Monday, December 13, 2010

Pt. Reyes Lighthouse

Even trips close to home counts as an adventure and there are so many great options in the Bay Area.  Point Reyes National Seashore is a really great example of the Northern California coast.  Growing up my image of California came from the tv shows of the time (CHiPS anyone?!) so I thought that all of the coast was warm water and sandy beaches.  Wow, was my move to the Bay Area an eye-opener.  The norm is rocky edges at the base of cliffs where the ocean crashes spectacularly and if you get in you better be wearing a dry suit!

On the Friday after Thanksgiving E-- and I met up with a couple friends and her folks who were visiting from Michigan.  We met at the original Cowgirl Creamery in Point Reyes Station.  It is a tiny little town that lots of folks love because it is quaint.  That means that it has a a couple of restaurants, a few small stores selling whatnots and some artist studios.  Not actually the type of place I visit a lot because I get bored with that after an hour.  But Point Reyes Station has cheese and that is awesome.  We purchase bread and cheese and head on out.  If you plan ahead though you can get tours of the cheese making process.

To get out to the lighthouse you have to drive the tiny winding roads that pass by historical ranches-huh, who knew that ranches can be historical!  Once out there though it is worth it-the ocean view is amazing.  First we take some time to see it from the top from a couple of different vantage points.  Then we head down to the lighthouse.  They warn you that you will have to walk back up the 300 steps, but that is really no reason to stop you as put in some nice little benches along the way.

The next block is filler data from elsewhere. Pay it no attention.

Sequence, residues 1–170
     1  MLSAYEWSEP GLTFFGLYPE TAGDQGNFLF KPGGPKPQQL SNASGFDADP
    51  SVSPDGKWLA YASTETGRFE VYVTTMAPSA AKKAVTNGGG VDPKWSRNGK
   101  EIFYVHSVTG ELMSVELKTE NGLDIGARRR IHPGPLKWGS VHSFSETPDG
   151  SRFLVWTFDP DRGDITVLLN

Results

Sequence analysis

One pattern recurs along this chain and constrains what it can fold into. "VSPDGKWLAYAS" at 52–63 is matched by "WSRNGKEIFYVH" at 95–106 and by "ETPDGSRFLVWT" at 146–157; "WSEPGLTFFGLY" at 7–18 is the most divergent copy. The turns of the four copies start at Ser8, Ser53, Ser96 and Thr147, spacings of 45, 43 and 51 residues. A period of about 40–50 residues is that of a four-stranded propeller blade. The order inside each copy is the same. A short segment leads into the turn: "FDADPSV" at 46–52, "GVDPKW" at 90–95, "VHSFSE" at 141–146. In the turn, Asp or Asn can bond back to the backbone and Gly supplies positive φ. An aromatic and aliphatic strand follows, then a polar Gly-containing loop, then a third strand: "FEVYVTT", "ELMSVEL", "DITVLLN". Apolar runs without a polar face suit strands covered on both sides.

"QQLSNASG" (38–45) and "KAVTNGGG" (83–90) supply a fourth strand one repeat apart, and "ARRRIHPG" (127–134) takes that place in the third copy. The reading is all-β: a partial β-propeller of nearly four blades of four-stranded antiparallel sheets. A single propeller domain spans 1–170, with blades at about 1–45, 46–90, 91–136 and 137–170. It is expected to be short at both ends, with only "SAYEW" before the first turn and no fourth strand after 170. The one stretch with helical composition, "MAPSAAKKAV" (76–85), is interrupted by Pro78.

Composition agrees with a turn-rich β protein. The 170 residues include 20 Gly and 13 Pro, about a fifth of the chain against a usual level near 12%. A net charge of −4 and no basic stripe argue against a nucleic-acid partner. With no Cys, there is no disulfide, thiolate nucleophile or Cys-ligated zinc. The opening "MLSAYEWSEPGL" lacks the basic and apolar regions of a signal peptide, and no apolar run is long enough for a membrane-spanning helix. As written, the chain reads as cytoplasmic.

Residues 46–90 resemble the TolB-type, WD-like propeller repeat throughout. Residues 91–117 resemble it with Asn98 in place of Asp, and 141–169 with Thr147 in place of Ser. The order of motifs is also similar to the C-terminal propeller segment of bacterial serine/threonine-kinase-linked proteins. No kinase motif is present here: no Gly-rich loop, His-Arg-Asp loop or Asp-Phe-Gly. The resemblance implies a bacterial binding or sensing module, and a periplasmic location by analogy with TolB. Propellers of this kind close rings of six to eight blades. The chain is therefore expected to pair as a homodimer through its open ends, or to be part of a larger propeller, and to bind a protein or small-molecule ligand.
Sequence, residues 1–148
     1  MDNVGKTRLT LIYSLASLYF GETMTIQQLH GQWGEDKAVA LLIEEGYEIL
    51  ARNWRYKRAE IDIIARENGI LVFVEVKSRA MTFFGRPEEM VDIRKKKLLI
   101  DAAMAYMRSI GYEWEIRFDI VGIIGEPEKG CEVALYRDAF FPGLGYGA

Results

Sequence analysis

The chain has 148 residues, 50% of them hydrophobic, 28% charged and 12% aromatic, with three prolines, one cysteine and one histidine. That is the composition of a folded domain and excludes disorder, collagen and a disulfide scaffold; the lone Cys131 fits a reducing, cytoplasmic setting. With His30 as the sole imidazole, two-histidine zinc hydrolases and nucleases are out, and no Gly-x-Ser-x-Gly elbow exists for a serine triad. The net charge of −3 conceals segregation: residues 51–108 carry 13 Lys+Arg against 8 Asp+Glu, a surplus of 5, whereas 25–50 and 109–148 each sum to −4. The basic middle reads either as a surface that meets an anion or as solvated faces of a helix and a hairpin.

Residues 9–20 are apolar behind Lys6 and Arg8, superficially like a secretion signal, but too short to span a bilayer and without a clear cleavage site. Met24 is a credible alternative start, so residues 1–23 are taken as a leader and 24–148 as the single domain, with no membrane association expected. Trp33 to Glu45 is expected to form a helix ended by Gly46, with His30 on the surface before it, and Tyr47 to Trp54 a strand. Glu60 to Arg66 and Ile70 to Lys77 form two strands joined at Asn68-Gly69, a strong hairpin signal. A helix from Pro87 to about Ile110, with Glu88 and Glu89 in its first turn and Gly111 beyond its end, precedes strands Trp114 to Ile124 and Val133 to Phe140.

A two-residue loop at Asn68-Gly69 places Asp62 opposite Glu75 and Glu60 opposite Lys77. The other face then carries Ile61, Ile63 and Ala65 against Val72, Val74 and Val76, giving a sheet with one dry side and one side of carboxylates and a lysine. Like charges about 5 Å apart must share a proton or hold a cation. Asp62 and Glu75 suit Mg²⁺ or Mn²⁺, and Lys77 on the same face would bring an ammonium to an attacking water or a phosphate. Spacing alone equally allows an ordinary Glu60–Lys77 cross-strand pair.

The lighthouse itself is interesting and there will be a ranger there to answer questions about the Fresnel lens, the foghorn, etc.  But the amazing thing to think about are the men who ran the lighthouses-what a harsh lifestyle.  They have some neat documentation about the rules and regulations they had to follow.  They were in charge of keeping the light going even in the stormiest weather.  But at least stormy would be interesting-consistency was the most important attribute in a lighthouse keeper.  You can't just take a 'mental health day'.  I'll keep that in mind the next time I feel like whining at work :)

Wednesday, December 8, 2010

NYC cont.